To this end, MobileIron bolstered its UEM offering in April with the acquisition of incapptic Connect, a leader in mobile automation app release software based in Berlin, Germany and Warsaw, Poland, to accelerate the mobile app release journey for enterprise customers.

MobileIron’s UEM will be integrated with incapptic Connect software to help customers quickly develop, deploy and secure in-house business apps, resulting in increased productivity and business innovation.

“incapptic Connect fits in that UEM market and it provides two opportunities for us; the first is it is very involved in the release of applications, either internal or external mobile applications in the enterprise,” says Foster. “It has always been a partner of ours automating the processes of using our capabilities as well as their own to build this library of enterprise apps, and release them automatically and seamlessly.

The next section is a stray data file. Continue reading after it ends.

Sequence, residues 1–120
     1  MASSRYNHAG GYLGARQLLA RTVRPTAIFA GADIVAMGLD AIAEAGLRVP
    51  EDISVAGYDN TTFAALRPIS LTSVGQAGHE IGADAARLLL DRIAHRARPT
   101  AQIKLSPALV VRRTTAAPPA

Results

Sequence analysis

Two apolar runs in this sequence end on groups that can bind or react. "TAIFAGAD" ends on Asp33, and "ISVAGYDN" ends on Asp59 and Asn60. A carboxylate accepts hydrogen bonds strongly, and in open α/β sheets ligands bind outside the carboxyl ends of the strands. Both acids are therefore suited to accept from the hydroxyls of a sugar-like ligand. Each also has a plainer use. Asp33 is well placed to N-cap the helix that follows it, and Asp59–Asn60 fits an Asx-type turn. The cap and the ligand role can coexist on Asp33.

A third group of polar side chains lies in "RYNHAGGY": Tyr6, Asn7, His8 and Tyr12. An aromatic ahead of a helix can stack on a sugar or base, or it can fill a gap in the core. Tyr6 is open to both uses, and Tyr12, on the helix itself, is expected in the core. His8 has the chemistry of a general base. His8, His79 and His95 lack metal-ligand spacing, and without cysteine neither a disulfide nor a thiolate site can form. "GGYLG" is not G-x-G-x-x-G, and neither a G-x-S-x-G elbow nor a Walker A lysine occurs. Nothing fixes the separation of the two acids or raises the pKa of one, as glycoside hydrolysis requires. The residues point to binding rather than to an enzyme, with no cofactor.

“We’ve got a German automotive customer who has over 400 internal apps and every time they release one of those apps, incapptic Connect saves them over 10 days per release cycle by automating some of the workflow and the technical steps on those apps. That company is saving 6,000 days per release of all of their 400 apps, and they release those more than once a year.

“It is the same principle for public store applications, because while you might think that a company only has two public store apps, that company is operating in 40 different languages, so they are releasing to 80 different app stores.”

The acquisition will also provide an opportunity to work with some of the bigger beasts in the UEM market, says Foster.

“incapptic Connect gives us something we can sell to Microsoft UEM or a VMware UEM customer because it works equally well with those UEMs, so is a foot in the door. So that is an opportunity to work with customers that we don’t work with in a UEM capacity to release their apps.”